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July 1, 2020

Sandia Labs Model Predicts COVID-19 Cases Over a Week into the Future

Oliver Peckham

(Rost9/Shutterstock)

Just over the last several weeks, the United States’ COVID-19 trajectory has dramatically changed, shifting from a promising decline to a terrifying spike that may eclipse the first. Policy-makers are struggling to make decisions about reopening (or shutting down again) amid the chaos, uncertain how future trends will validate or contradict their decisions. Now, a team of researchers from Sandia National Laboratories have built a data-driven model that predicts new cases up to ten days into the future with high accuracy.

Using data from the Centers for Disease Control and Prevention (CDC), the New York Times Data Repository, Johns Hopkins University and a number of other more geographically specific sources, the researchers – Jaideep Ray and Cosmin Safta – feed a model that Ray developed in the late 2000s for tracking influenza-like illnesses. “When COVID-19 began to spread so rapidly,” Ray said, “we knew we could use the same method to help forecast the outbreak.”

“This method is a relatively easy and inexpensive way to get short-term forecasts about new coronavirus cases that decision-makers can use to allocate health care resources and response,” Safta said. “This method is much easier and cheaper to do than methods that require more robust computers and manpower.”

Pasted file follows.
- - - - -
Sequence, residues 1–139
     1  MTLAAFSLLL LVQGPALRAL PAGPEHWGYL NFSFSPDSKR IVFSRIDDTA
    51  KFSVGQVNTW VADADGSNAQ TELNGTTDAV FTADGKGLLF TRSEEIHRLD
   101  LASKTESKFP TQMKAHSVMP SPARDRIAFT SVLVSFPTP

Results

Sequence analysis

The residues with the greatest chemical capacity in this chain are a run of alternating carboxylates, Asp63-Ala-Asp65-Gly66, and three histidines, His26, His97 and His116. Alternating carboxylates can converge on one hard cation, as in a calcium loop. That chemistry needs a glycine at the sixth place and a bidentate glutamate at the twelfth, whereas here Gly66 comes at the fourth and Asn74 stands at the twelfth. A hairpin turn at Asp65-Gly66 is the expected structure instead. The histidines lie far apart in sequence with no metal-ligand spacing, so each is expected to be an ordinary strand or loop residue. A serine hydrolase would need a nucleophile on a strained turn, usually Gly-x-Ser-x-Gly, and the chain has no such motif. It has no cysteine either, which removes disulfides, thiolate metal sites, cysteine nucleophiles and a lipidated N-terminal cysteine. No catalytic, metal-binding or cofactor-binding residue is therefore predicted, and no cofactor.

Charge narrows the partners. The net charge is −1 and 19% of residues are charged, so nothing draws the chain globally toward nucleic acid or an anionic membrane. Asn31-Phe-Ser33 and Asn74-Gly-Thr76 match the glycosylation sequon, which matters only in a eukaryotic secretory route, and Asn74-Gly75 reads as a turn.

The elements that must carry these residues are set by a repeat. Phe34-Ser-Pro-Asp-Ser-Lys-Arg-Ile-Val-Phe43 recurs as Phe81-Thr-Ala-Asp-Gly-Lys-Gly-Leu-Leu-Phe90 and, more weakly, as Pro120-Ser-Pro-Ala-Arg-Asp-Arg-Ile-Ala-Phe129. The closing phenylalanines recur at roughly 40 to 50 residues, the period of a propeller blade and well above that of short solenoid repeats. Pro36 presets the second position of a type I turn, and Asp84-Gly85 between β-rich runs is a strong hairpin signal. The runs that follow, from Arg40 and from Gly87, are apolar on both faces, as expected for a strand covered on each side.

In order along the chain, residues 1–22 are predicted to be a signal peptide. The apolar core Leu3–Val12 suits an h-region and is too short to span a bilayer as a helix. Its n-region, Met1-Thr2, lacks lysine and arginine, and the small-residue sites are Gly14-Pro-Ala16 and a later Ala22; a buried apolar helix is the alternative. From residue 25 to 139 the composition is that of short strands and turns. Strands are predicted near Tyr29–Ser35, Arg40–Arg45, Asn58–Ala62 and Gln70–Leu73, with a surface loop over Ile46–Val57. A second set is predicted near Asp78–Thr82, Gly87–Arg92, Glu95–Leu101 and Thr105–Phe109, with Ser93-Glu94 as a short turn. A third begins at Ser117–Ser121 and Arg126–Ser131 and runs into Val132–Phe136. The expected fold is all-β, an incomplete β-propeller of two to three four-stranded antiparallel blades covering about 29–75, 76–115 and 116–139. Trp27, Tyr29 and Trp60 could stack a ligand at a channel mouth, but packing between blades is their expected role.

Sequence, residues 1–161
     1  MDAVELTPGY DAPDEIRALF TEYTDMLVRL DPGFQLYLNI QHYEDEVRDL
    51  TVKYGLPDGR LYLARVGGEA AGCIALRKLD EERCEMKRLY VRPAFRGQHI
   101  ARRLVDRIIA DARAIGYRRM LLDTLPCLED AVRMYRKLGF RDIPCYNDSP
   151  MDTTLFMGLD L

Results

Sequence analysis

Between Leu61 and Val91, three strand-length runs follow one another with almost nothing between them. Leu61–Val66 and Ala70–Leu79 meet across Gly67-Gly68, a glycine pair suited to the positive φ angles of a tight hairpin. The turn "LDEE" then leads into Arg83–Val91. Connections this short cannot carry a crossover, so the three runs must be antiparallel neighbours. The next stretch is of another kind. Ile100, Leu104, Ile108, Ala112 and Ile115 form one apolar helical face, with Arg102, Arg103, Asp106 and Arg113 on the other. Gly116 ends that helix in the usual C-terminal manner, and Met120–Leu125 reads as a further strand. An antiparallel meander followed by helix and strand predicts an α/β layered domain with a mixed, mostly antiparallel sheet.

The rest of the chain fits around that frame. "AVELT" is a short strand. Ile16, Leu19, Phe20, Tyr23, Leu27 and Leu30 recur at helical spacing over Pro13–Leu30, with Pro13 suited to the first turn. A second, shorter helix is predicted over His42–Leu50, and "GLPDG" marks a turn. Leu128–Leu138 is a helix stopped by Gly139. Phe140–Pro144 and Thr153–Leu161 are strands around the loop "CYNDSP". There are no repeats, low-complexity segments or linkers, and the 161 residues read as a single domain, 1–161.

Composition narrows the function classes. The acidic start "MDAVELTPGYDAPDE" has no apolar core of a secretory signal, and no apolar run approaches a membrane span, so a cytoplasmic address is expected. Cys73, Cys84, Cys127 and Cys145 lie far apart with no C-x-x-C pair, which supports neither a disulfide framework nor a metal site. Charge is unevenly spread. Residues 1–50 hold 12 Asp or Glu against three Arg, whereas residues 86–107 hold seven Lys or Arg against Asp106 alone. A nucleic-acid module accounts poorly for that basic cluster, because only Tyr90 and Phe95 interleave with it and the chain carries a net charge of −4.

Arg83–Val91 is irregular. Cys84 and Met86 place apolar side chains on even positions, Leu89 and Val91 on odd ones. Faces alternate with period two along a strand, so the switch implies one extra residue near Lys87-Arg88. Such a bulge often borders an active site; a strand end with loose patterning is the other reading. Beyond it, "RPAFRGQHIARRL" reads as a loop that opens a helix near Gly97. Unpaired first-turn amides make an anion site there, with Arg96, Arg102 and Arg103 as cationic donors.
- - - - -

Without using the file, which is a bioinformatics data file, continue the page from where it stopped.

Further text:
The model completes its forecasts within minutes without the need for high-performance resources. Even better, the forecast has generally been accurate, with cases “roughly” following the model’s predicted trends since April.

“The forecasts come with a range within which users can expect reality to lie,” Ray said. “The range changes daily depending on the data, but the model ensures that the user can have 95% confidence that reality will fall within the range.”

A simplified illustration of the model. Image courtesy of the authors.

The success of the model is a testament to how mitigation policies for COVID-19 are being transformed by the availability of high-resolution data at rapid speeds – a situation that would not have been possible even a decade ago. “For the current COVID-19 situation, having more sources of data dramatically assists our ability to create short-term forecasts to inform public health decisions,” Saft said.

“Since we are so connected today, it’s possible to get an accurate number of COVID-19 cases in a day and get it to everyone in the world within a 24-hour period,” Ray said. “Ten years ago, even five years ago, you could not get this data. In 2015, with the Ebola outbreak, by the time they got data it was pointless to try and make a forecast because it was already out of date and useless to decision-makers.”

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